Seventh-day Adventists believe in inspiring those around us to experience a life of wholeness and hope for an eternal future with God.
Women's Issues columns from Mosaic newsletter—a resource of WM "clipped articles"
Women in Australia ask government leaders at Parliament House for action on the hunger crisis and rising poverty.
A good work-life balance enhances the wholistic well being of women and enables them to be more productive in every aspect of their lives.
You feed your brain through what you see, hear, read, and think.
It is a very bad habit to let work drag and drive you.
Maintaining a positive attitude and practicing new choices are steps for reaching your goals.
Empathy is sensing another's feelings and attitudes as if we had experienced them ourselves.
Poverty can increase violence, and women have fewer options to escape sexual exploitation and trafficking, due to lack of income and resources.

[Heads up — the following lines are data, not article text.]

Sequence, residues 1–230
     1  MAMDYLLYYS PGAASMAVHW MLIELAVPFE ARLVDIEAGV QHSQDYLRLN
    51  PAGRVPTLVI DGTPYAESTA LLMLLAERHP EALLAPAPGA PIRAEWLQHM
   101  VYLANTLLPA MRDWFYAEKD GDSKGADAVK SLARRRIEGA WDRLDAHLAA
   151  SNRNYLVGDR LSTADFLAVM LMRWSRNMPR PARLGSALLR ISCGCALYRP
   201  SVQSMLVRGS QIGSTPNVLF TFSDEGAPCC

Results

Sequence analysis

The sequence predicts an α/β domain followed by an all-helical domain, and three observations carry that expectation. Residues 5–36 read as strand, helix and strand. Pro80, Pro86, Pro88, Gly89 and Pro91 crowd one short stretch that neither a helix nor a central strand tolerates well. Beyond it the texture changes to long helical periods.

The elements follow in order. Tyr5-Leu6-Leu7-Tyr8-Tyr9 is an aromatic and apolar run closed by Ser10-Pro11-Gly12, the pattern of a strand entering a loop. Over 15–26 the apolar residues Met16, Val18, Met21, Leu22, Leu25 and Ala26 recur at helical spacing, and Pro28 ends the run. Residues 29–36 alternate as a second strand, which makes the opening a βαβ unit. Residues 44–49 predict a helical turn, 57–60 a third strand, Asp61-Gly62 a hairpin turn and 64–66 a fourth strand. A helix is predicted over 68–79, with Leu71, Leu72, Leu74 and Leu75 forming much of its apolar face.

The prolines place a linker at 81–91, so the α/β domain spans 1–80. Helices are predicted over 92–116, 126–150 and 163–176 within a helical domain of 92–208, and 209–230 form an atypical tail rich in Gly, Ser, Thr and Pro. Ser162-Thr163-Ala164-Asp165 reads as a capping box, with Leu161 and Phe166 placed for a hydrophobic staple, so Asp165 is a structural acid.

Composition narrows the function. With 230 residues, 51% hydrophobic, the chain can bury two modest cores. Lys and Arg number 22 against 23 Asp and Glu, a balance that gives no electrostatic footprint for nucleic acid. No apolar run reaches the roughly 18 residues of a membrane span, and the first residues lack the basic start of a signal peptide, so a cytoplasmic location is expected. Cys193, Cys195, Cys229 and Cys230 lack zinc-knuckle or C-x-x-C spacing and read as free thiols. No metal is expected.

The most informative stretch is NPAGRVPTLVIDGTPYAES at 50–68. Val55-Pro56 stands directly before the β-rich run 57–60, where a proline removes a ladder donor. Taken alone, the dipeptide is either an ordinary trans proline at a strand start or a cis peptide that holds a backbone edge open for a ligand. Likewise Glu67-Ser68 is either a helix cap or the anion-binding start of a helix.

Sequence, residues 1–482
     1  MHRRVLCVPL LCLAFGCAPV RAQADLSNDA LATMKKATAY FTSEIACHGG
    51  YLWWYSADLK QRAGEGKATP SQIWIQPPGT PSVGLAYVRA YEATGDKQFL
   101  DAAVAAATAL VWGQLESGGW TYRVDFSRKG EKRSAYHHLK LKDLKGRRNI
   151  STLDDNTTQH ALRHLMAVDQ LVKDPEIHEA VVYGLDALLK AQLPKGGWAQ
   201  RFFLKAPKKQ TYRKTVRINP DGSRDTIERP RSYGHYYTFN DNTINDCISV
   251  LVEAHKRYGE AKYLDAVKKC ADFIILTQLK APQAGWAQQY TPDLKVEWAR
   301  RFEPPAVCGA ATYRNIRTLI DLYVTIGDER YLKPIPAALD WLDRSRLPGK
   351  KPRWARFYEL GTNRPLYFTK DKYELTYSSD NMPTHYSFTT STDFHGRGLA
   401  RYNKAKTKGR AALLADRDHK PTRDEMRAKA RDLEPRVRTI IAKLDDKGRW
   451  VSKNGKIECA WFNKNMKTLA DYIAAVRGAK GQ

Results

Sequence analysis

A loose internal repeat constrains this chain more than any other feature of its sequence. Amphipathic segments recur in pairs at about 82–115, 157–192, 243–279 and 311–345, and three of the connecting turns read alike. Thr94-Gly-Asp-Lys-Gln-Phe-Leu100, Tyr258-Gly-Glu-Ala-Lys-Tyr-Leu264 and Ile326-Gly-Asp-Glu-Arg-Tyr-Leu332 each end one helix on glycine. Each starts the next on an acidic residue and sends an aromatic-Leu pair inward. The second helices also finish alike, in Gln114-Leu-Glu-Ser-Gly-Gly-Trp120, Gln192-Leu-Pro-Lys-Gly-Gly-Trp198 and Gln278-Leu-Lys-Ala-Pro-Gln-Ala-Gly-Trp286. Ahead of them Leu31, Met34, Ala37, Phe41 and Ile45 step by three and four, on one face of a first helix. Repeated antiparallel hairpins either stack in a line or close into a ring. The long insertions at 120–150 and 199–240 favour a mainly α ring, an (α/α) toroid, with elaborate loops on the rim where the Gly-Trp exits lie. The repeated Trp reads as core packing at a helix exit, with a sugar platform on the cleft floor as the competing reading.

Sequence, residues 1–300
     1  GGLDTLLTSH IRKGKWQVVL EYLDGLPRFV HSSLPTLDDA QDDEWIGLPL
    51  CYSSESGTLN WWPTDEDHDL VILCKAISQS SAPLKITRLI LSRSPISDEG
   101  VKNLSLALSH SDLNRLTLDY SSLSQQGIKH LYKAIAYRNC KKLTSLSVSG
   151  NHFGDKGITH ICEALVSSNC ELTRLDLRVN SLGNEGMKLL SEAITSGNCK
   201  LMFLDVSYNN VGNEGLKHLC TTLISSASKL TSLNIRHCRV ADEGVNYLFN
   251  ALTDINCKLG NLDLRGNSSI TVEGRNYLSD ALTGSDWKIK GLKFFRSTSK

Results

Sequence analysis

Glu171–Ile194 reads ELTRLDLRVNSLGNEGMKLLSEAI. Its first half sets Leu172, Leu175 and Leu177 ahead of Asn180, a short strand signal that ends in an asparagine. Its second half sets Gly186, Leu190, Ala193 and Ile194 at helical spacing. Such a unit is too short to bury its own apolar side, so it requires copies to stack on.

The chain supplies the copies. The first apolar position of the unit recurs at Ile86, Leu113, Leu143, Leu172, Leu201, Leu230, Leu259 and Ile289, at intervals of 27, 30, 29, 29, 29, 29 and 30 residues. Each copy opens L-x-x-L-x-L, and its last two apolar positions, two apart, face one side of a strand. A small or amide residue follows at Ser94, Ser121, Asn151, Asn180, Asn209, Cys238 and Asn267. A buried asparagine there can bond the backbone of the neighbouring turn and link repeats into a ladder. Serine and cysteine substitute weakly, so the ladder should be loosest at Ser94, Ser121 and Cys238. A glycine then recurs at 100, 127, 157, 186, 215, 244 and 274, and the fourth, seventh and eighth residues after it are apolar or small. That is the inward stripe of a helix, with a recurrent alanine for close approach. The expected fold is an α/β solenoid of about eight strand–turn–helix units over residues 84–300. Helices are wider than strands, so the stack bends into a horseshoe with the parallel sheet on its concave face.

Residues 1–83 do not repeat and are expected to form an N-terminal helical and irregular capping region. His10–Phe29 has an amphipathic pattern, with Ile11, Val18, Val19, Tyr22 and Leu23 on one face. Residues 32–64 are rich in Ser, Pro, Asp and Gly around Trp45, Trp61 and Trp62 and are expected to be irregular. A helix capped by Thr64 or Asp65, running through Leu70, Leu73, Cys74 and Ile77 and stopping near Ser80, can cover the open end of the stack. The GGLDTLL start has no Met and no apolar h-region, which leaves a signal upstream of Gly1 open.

Access to water is about opportunity, because lack of clean water keeps women in poverty.
Poverty robs women of their most basic human rights—and keeps them hungry.
If they cannot read, they cannot read the Bible.
This fact file highlights 10 key areas that have serious consequences for women's health over the life-course.
Sociocultural factors also determine lifestyle and quality health services.
During this pandemic, we are often reminded to ask, "Are you OK?" However, it is also important for us to recognize the warning signs of mental illness in ourselves.
Six keys for developing good mental health
The global lifetime prevalence rate for anxiety disorders is about 30 percent. That means that for nearly a third of us our fears will be diagnosable at some point in our lifetimes.
Burn-out is a syndrome conceptualized as resulting from chronic workplace stress that has not been successfully managed.
How do singles see themselves in relationship to the church?
Seventh-day Adventist Church Statement about Contraception and Family Planning
Teenage girls are twice as likely as boys to report being depressed, consider attempting suicide, or commit suicide.
Among young people ages 15-29, suicide is the second-leading cause of death.
COVID-19 risks to women and children cannot be ignored